"Doors are opening for women in every area, in very profession, even so in politics," said Corbino, who was once a Bilirakis supporter. "I think this is the time to run. I think Mike is vulnerable because I think he has lost touch with people in his own district."

The Democrat, Provenzano, got into politics in Oldsmar in the 1980s shortly after building a home there and discovering that the city's water main system wasn't strong enough to feed a shower. He started going to meetings at City Hall and noticed city officials collecting rain water pouring through leaks in the ceiling.

During his tenure in Oldsmar, first as a council member, then as mayor, the city built a new City Hall, a library and paved some of the city's dirt roads. The city also started a Recreation Department and built ballfields.

"I am very proud of the things we accomplished in the city of Oldsmar without raising taxes _ please highlight that _ without raising taxes," said Provenzano, a native of Ybor City in Tampa.

Both Corbino and Provenzano acknowledge that they have a tough fight against the incumbent. Both criticize Bilirakis, particularly on the issue of term limits. In 1992, Bilirakis said he believed in 12-year term limits and would not seek re-election in 1994 unless he was involved in a pressing piece of legislation.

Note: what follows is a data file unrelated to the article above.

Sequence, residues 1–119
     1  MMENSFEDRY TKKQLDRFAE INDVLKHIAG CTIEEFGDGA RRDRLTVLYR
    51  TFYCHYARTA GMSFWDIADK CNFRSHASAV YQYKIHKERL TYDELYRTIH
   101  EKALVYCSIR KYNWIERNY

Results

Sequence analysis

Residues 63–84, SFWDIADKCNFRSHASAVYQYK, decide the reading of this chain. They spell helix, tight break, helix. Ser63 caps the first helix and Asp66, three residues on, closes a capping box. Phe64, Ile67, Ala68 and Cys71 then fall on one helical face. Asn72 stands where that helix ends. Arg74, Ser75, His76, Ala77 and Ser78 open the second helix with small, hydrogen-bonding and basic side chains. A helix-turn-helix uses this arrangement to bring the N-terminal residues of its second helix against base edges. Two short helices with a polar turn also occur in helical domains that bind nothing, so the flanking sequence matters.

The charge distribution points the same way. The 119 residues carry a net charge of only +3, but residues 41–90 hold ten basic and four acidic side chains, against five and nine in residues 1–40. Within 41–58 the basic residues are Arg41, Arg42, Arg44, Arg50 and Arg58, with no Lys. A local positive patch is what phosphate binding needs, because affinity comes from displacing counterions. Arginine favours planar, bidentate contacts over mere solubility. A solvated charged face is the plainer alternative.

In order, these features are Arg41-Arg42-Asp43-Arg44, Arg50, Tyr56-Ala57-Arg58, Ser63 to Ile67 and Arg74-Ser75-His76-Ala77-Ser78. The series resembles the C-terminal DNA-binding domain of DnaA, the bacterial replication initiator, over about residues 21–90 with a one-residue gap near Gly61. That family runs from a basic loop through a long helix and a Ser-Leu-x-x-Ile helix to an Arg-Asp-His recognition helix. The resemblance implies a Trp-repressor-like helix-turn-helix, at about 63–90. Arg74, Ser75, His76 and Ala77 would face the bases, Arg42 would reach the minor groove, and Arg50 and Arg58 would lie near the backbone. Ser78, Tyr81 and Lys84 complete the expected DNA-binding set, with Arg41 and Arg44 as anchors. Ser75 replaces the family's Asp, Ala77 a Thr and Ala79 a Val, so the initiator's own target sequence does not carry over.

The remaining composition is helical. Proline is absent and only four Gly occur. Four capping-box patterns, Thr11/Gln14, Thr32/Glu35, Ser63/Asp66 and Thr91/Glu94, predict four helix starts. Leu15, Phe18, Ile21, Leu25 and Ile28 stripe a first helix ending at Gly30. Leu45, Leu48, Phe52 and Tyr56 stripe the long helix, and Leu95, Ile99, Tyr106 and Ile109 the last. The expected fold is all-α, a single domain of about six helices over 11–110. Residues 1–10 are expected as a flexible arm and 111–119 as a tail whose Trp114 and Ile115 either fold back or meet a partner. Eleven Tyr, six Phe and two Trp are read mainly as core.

Jerry White, an aide to the congressman, said Bilirakis still supports that 12-year term limit but wants to see legislation enacted to make the limit nationwide for members of Congress.

Both candidates also attacked Bilirakis' involvement in the Medicare issue.

"We have a lot of seniors in this district, and they are certainly not overly thrilled with the $270-billion in proposed Medicare cuts," Provenzano said. "Mike wrote that legislation. That was his. It came through his subcommittee. He shepherded it through, and he thinks it's a great idea."

The congressman helped write a bill last fall that would reduce Medicare spending by $270-billion over seven years by charging beneficiaries more, paying providers less and going after fraud. He said the drastic changes in the Medicare program were the only way to save the system from bankruptcy.